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EU law and the question of justice

De Witte, Floris (2012) EU law and the question of justice. PhD thesis, London School of Economics and Political Science.

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This thesis argues that European Union law can serve as an instrument for the extension of the values of justice beyond the nation state. Approaching the question of justice from this perspective, however, presupposes three things: it challenges us to think beyond the contractarian reflex that equates justice with political self-determination by a demos; it demands that we allocate legal authority between the national and European level in accordance with their respective capacity to 'do' justice; and it requires that we construct transnational ideas of solidarity that integrate the different elements into a single, coherent, ethics of justice. This thesis offers all three. It argues that the ethics of justice that is emerging in the European Union focuses on allowing its citizens to live a 'good life', which both requires access to the positive entitlements that emerge from the national welfare states and depends on the capacity of the free movement rights to enlarge the range of available choices for citizens in deciding how to live that life. The stability of this tiered conception of justice, however, presupposes the careful incorporation of the normative assumptions that bind and connect individual citizens in Europe within the reciprocal structures that sustain the national welfare state. This thesis suggests that transnational solidarity can serve as a device for such incorporation. The first part describes a theory of transnational solidarity that distinguishes between the rights that Union citizens accrue under market solidarity, communitarian solidarity, and aspirational solidarity. The bulk of the thesis offers a critical in-depth comparative analysis of the incorporation of the demands of transnational solidarity by the Union legislator and the Court of Justice within the particular context of healthcare, education, social security and social assistance, and labour law.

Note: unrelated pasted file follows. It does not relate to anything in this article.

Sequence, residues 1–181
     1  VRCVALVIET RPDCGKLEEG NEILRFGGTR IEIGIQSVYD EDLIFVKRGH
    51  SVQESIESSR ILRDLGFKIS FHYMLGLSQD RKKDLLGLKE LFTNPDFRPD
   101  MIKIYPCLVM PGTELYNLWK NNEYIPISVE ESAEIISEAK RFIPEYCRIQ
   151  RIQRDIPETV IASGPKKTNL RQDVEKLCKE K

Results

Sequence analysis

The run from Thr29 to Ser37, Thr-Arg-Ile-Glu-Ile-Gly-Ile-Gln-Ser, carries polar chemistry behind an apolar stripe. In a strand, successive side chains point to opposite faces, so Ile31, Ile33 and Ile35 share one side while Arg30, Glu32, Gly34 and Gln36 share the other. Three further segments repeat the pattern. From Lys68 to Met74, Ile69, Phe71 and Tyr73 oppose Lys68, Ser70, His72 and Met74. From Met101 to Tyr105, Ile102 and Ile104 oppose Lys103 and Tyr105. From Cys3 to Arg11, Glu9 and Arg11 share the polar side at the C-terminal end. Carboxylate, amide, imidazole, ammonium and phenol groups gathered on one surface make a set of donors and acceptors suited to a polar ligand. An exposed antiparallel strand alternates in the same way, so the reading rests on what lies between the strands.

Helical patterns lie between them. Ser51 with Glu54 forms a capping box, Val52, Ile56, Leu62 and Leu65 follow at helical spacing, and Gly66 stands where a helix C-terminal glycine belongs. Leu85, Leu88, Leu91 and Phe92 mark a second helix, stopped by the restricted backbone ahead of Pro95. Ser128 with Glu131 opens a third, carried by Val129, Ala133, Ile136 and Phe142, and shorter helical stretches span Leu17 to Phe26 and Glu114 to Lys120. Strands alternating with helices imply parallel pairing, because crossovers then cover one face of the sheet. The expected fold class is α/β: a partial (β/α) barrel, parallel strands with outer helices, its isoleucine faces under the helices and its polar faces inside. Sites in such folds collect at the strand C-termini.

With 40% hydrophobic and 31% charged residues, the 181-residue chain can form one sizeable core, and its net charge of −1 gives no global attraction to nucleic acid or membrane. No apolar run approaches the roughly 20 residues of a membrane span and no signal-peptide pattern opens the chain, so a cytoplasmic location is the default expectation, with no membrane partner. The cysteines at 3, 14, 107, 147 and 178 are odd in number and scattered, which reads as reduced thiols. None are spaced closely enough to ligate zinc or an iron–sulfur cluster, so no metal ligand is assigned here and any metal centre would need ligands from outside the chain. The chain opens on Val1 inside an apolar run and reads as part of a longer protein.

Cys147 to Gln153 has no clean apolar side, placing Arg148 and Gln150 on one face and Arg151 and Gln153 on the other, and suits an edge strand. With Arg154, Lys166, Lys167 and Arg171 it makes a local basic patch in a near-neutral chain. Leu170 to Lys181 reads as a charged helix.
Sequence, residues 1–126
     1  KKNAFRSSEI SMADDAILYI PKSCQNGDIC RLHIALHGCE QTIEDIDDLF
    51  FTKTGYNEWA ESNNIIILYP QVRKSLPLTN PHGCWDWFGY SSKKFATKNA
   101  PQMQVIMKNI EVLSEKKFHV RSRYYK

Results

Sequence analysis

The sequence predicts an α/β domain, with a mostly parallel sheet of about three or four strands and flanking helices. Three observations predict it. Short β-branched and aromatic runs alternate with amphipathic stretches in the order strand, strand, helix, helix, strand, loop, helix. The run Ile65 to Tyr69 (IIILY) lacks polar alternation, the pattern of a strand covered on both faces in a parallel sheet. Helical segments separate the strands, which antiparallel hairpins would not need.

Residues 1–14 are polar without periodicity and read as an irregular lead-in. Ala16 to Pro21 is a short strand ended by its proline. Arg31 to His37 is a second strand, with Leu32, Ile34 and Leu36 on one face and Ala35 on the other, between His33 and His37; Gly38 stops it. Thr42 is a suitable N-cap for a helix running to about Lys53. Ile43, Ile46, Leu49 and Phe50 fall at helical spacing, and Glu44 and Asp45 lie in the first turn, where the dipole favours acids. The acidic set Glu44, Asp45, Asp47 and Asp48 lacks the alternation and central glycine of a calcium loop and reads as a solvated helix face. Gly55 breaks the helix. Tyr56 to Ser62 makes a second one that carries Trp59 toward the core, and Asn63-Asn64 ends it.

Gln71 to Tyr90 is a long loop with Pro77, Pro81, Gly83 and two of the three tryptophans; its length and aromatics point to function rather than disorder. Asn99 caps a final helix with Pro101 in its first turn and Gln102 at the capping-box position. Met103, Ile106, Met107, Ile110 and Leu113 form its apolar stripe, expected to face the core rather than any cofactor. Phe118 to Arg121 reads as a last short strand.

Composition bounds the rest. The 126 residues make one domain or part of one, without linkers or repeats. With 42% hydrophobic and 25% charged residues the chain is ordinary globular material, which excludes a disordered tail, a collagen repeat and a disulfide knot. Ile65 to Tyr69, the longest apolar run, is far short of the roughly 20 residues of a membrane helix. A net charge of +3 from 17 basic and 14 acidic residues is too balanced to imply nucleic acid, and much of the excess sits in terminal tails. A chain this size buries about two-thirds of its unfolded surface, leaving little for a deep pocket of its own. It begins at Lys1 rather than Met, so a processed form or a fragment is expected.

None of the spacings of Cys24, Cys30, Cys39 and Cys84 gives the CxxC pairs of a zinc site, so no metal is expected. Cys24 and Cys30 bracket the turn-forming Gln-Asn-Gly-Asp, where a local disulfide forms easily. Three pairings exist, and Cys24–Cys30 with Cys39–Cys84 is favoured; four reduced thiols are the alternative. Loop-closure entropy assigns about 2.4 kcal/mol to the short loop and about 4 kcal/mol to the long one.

Item Type: Thesis (PhD)
Additional Information: © 2012 Floris De Witte
Library of Congress subject classification: K Law > K Law (General)
Sets: Departments > Law
Supervisor: Chalmers, Damian

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